The current system of allowing anyone to speak if they request it is fair and fine. If council members don’t want Satanists to speak, the only option they have is ending invocation prayers altogether.
Lucien Greaves, spokesperson for The Satanic Temple, sent me this statement in response to tonight’s meeting:
We have learned that the City Counsel of Phoenix convened a closed “emergency” session in which they considered legal options by which they might justify the exclusion of The Satanic Temple from delivering an invocation, as scheduled, at the Feb. 17th meeting. We’ll leave it to journalists to determine the level of irony in the notion that our impending invocation might constitute an “emergency” when weighed against other items of local importance. However, we can assure you: there is no legal option for discrimination.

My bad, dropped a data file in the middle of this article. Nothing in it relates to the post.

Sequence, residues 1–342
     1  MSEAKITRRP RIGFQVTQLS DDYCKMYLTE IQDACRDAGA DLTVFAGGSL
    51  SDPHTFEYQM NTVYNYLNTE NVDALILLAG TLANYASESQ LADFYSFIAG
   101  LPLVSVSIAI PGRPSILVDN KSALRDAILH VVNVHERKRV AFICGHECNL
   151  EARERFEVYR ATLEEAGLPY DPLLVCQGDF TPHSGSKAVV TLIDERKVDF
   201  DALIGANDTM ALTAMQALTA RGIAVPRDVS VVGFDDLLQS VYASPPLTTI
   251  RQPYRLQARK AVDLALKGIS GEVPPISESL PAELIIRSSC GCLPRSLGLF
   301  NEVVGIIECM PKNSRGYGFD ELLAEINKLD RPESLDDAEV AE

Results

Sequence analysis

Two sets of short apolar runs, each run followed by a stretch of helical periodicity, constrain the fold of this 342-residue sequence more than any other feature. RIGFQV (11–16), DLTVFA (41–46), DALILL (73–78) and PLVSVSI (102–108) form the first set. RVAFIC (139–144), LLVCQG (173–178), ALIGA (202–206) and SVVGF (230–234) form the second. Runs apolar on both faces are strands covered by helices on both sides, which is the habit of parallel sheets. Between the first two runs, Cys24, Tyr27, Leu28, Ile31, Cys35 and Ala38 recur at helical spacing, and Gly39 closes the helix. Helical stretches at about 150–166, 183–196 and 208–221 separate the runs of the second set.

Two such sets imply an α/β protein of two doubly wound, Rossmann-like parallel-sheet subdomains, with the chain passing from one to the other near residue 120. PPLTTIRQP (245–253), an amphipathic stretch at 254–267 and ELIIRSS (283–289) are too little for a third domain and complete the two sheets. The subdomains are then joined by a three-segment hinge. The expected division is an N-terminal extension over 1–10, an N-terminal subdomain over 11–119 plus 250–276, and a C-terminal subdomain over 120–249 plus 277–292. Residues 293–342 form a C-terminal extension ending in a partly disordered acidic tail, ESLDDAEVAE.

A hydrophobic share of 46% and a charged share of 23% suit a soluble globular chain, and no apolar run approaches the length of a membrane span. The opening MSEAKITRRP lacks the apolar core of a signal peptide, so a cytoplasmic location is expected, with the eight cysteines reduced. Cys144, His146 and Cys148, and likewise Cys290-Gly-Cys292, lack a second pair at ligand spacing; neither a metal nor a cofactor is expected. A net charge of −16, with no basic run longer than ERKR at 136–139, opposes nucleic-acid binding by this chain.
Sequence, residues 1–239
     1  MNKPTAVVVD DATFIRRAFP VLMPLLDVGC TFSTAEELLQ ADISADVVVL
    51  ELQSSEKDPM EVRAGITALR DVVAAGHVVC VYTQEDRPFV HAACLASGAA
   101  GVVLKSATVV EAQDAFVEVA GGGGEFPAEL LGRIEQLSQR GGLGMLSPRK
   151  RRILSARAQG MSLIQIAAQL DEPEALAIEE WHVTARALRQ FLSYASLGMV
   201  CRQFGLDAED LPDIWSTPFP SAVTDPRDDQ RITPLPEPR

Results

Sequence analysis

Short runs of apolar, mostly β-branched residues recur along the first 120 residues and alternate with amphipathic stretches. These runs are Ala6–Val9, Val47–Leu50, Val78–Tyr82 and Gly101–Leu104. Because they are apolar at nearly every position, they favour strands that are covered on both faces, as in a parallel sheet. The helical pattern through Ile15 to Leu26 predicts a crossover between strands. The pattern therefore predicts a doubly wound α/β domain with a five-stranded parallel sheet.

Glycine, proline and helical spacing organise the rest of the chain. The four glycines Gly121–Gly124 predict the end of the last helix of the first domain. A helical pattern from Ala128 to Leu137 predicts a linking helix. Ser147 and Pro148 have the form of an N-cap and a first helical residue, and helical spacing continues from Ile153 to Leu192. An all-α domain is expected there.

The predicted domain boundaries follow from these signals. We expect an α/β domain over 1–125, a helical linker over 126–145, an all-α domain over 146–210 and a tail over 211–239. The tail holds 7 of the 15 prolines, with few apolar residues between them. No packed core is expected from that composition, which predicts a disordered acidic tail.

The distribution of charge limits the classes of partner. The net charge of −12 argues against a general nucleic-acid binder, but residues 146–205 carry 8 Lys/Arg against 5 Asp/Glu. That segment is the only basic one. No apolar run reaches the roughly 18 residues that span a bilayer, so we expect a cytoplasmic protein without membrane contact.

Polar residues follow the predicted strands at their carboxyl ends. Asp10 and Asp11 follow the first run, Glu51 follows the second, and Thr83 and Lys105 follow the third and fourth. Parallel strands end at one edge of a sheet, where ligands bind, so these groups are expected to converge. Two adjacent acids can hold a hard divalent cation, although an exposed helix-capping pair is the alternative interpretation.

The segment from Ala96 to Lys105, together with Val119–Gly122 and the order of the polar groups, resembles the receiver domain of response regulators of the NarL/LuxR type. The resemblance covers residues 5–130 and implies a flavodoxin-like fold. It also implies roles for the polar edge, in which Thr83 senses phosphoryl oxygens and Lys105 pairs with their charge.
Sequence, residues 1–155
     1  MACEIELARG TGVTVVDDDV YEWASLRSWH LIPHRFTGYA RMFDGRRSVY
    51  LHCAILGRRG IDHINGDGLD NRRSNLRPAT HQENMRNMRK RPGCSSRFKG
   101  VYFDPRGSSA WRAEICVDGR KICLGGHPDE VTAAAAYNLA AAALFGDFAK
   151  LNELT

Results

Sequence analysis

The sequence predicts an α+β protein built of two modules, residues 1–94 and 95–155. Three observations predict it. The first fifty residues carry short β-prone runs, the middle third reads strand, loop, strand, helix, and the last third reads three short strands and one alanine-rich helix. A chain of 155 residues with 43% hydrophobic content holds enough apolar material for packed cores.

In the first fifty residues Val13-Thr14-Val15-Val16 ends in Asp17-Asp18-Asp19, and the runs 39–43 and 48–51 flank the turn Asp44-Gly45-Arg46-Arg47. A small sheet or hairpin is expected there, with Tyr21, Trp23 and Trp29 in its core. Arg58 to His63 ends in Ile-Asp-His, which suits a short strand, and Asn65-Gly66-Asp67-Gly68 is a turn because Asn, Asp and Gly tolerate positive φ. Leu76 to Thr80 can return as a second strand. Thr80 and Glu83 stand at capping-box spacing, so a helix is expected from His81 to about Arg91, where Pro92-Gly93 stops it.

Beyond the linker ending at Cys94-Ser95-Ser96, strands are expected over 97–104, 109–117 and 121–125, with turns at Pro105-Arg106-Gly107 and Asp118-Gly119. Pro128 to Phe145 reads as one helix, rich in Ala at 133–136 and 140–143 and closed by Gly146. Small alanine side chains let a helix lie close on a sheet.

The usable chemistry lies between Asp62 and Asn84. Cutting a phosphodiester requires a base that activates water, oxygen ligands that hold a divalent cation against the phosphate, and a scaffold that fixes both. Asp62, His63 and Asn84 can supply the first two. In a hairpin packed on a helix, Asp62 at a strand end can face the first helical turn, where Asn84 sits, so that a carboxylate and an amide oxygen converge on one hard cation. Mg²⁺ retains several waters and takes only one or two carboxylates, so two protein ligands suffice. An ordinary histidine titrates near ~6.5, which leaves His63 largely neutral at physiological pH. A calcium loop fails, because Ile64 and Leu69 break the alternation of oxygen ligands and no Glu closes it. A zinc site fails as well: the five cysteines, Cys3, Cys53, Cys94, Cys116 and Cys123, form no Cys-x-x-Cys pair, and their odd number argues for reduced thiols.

Local media informs us that the Council seeks to instate a new policy, and retroactively apply it to our application, that demands Phoenix City Council invocations are delivered by Phoenix residents only, and that invocations are delivered exclusively by a rotating list of pre-approved religious spokespeople.
As to the first issue, that of only allowing Phoenix residents — the fact is, we have members in Phoenix, and this new rule would not stop our invocation from occurring. Nonetheless, we feel that the local standard is arbitrary, and the government needs to demonstrate a “compelling interest” in instating an abridgment to a citizen’s First Amendment rights. We can think of no compelling interest to only allow invocations from residents of Phoenix, and not residents of Tucson (who had intended to give our invocation).
As to the second issue, that of only allowing “approved” religious voices, it’s hilarious and disheartening at the same time to see such a level of Constitutional ignorance revealed in acting public officials. The move would clearly be legally indefensible, and we do not equivocate on this point: should the Phoenix City Counsel deny us our voice in the public forum, we will file suit.